by Murrel Bland
The Unified Government recently celebrated the 20th anniversary of the merger of city and county governments in Wyandotte County. A group of Unified Government officials along with community leaders marked the occasion with a dinner at the recently remodeled Memorial Hall.
It was a “feel-good event” celebrating the merger and the accomplishments that followed including the development in the Village West Area. For me, it was an opportunity to look back at the history of the county and to trace the roots of the consolidated government.
In the fall of 1961 and the spring of 1962, I was a junior at the University of Kansas, Lawrence. I lived in the second story of a house just north of campus with two housemates — Jed Hurley, a law student, and Joe McKenna, a political science graduate student.
I wasn’t aware of it at the time, but McKenna was working on a study of the consolidation of city-county governments in Wyandotte County. His report, published by the Governmental Research Center at KU, showed that these governmental units were both inefficient and expensive.
Consolidation of city and county governments in Wyandotte County was first proposed in 1937 — some 60 years before it happened. There were various studies and proposals along the way.
A major factor of why it finally happened was geography with the city of Kansas City, Kansas, covering most of county. When it finally did occur, the cities of Bonner Springs and Edwardsville were protected — they would be able to keep their municipal governments. Instead of dealing with county government, these smaller cities would deal with a Unified Government.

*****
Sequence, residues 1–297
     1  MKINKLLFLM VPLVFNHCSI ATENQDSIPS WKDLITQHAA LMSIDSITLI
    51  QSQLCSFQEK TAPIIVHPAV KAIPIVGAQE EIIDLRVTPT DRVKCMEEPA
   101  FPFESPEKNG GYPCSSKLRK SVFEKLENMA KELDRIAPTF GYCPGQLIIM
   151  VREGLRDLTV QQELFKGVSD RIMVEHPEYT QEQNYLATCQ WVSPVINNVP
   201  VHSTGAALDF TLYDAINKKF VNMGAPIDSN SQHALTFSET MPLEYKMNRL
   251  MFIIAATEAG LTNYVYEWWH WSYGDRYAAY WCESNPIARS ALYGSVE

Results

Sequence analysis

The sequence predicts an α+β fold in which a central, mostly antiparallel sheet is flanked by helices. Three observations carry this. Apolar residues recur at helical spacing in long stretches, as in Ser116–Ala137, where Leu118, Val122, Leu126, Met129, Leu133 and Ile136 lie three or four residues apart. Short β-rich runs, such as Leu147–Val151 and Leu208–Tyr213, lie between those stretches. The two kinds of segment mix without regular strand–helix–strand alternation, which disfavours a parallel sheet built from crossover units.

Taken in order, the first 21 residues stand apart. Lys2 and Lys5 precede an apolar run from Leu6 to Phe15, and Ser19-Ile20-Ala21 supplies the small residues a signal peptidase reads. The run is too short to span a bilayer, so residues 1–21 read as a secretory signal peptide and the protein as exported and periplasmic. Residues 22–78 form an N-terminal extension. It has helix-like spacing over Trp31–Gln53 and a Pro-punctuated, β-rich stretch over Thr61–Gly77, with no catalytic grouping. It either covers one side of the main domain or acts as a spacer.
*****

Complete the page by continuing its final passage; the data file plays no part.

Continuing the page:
The word at the celebration was that Village West development — particularly the luring of the Kansas Speedway — happened because of a consolidated government. I’m not for certain that is entirely correct. The case can be made that it was easier because developers had to deal with only one set of officials.
However, the site was chosen primarily because of access at the intersection of I-70 and I-435. It is reasonably easy for race fans to get in and out of the track complex. And I believe any project that big would have had support from county commissioners if they would have been in power. The city and county commissioners supported the General Motors plant during the 1980s.
In looking at the history of consolidation, it is important to note what happened in the early 1980s. For many years, city and county governments were racked with patronage and corruption. In the 1950s, all three city commissioners were indicted, although none was convicted. Unfortunately, the damage was done and severely damaged the city’s reputation. Although there weren’t any indictments in subsequent years, wrangling among the commissioners led to public embarrassment.
The City Commission appointed a special study committee that spent most of 1981 studying city government and what could be done to improve it. I served on that committee. The recommendation was to change from a commission form to a mayor-council form with a professional administrator. In 1982, by a slim margin, voters approved this change.
Leading the effort to change the form of government was O.L. Plucker, the superintendent of Kansas City, Kansas, School District and Bill Little, the president of the Kansas City, Kansas, Area Chamber of Commerce. Voters in that election rejected the stranglehold that patronage politicians had on city and county government. Had that reform not occurred, I seriously doubt that consolidation could have followed some 15 years later.
Murrel Bland is the former editor of The Wyandotte West and The Piper Press. He is the executive director of Business West.